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'Pity the blind'? An analysis of vision impairment, disability and education

Room G15 in the Muirhead Tower (Building R21 on the campus map)
Lectures Talks and Workshops, Social Sciences
Friday 13th April 2018 (17:00-18:00)
Download the date to your calendar (.ics file)

For more information, please contact Joy Taft by email or by phone on +44 (0)121 414 4857.

Register for this event
blind girl
The Blind Girl, 1856, John Everett Millais

As part of the College of Social Sciences inaugural lecture series, Professor Graeme Douglas considers vision impairment and education.

The blind girl’ is an 1856 painting by John Everett Millais, which hangs in the Birmingham Museum and Art Gallery. It portrays a young woman seated within a vivid English countryside scene beneath a double rainbow. Around her neck hangs a small sign reading ‘Pity the blind’. It was likely Millais was raising more complex themes than might first be assumed, such as challenging the viewer’s understanding of sensory experience, and raising issues of employment, poverty and social justice.

Drawing upon a variety of research findings, the lecture will consider the multi-layered experiences of vision impairment and the implications this has for the current education system. Graeme argues how education must be inclusive by addressing the many physical and social barriers to learning faced by those with vision impairment. He will also argue that education must seek to develop young people’s agency so that they can learn, and are able to navigate their physical and social world with confidence and independence. Graeme considers how a truly inclusive education system must find the balance between these two approaches.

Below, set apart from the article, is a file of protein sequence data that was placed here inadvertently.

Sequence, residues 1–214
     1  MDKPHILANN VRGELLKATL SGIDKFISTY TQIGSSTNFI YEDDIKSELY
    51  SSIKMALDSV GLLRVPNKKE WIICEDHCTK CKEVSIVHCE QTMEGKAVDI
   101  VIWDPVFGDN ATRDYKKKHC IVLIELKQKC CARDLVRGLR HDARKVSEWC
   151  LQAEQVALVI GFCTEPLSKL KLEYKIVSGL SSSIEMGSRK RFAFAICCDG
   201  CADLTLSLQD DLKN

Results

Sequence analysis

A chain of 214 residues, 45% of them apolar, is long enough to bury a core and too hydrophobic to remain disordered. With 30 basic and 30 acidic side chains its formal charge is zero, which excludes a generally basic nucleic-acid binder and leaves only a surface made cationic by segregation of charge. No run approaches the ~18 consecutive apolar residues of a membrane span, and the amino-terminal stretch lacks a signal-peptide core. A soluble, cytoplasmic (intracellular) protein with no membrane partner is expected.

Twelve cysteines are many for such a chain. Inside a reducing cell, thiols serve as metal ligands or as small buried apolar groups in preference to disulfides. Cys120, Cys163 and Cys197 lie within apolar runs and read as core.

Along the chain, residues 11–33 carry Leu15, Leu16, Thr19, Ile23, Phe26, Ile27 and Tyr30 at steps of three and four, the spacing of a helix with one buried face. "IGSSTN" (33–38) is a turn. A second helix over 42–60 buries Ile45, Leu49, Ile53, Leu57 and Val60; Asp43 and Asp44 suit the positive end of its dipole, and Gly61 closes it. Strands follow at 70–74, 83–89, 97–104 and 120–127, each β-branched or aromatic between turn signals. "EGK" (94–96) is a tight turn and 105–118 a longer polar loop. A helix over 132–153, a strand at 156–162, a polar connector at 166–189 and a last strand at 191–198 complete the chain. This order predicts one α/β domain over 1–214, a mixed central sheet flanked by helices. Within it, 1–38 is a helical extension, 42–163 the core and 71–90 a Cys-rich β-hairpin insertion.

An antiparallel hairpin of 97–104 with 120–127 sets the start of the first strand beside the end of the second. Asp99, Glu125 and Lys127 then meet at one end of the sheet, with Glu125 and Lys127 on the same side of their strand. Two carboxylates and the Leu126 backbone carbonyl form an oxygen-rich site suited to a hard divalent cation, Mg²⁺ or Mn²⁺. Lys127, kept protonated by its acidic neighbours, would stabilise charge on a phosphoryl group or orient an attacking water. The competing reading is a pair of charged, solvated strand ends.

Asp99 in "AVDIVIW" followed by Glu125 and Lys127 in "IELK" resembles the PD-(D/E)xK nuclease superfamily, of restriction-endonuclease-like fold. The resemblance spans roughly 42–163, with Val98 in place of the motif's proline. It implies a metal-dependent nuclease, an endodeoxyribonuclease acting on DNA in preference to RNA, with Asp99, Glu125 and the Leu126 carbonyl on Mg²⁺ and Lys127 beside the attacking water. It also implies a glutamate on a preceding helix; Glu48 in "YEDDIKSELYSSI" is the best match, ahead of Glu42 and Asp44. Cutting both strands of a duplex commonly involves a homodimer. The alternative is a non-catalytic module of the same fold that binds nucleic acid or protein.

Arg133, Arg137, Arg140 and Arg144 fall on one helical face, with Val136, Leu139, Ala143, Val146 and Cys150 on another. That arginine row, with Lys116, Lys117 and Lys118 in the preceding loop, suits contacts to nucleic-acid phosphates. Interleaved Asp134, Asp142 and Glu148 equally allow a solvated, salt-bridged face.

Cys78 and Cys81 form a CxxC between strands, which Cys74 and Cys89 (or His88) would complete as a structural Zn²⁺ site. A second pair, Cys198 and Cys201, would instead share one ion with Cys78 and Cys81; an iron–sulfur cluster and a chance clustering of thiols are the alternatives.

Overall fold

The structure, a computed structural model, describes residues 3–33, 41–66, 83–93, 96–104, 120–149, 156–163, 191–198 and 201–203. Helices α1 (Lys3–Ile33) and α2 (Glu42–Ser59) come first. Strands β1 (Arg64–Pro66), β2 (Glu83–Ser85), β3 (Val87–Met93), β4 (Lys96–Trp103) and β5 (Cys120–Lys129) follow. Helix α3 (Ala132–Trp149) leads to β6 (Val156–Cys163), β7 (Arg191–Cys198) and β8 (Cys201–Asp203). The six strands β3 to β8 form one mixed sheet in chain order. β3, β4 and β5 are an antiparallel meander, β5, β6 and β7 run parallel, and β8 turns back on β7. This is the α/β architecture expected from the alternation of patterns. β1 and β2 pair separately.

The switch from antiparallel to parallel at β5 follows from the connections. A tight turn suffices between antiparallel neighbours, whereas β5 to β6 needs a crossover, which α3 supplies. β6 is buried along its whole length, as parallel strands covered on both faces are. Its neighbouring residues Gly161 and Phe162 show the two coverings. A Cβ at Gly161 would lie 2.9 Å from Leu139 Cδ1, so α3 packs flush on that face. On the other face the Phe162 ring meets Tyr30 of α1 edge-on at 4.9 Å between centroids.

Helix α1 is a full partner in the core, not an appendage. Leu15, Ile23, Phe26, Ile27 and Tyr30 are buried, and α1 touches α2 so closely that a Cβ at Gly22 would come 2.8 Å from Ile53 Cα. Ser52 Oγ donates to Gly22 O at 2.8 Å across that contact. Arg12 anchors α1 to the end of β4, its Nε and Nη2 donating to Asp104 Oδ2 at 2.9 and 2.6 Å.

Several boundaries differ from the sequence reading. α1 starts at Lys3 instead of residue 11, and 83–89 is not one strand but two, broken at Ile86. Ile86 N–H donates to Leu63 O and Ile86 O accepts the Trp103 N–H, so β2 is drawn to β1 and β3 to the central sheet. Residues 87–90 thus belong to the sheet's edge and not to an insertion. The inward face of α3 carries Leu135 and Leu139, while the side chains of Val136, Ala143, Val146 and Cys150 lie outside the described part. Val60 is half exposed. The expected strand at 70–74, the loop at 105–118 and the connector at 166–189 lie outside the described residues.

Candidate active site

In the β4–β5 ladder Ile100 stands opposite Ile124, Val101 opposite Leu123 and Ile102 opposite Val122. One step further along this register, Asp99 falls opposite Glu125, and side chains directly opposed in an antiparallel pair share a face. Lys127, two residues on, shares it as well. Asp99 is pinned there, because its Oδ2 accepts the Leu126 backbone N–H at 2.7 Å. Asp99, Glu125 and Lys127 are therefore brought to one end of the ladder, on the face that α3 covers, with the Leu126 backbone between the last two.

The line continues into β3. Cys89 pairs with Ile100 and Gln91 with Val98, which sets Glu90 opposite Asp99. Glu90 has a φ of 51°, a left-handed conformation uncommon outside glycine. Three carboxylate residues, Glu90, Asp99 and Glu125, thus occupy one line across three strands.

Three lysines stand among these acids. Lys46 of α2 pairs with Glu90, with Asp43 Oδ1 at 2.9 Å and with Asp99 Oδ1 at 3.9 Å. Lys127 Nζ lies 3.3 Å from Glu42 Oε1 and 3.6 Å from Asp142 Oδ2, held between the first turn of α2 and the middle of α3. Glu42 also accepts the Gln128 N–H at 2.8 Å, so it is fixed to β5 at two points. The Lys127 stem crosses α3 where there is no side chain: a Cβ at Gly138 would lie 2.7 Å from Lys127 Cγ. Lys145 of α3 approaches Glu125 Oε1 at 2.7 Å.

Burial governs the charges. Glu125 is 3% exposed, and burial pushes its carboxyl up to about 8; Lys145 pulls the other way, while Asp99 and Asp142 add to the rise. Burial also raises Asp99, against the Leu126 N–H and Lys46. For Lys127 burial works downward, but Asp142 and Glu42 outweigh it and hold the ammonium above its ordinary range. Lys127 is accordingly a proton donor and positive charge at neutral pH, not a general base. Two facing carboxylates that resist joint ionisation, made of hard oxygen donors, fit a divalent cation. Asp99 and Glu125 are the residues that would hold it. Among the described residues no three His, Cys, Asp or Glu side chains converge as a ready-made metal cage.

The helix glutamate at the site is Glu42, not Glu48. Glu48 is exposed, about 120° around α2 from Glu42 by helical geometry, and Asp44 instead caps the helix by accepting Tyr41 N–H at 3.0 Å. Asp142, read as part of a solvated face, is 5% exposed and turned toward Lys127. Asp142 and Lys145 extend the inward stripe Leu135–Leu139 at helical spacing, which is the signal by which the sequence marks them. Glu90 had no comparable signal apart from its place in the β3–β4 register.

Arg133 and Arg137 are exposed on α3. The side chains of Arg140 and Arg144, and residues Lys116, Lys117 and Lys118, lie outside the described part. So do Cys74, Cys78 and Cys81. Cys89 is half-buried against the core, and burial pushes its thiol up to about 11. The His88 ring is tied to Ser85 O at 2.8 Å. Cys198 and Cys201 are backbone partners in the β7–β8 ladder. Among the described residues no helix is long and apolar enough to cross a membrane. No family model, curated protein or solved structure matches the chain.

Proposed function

Open to all University staff, School of Education students and alumni, (drinks and canapés from 18.00 onwards)


Professor Graeme DouglasAbout Professor Graeme Douglas

Graeme Douglas graduated from Aston University with a degree in human psychology and computer science.
Prior to joining the University of Birmingham as a researcher, Graeme completed his PhD in the area of individual differences in learning and computer based presentation also at Birmingham. He is the head of the department of Disability Inclusion and Special Needs (DISN) and co-director of the Vision Impairment Centre for Teaching and Research. Graeme has been the principal investigator and manager on many high-profile externally funded research projects in the area of vision impairment and special educational needs.


Photo credit: The Blind Girl, 1856, John Everett Millais © Birmingham Museums Trust

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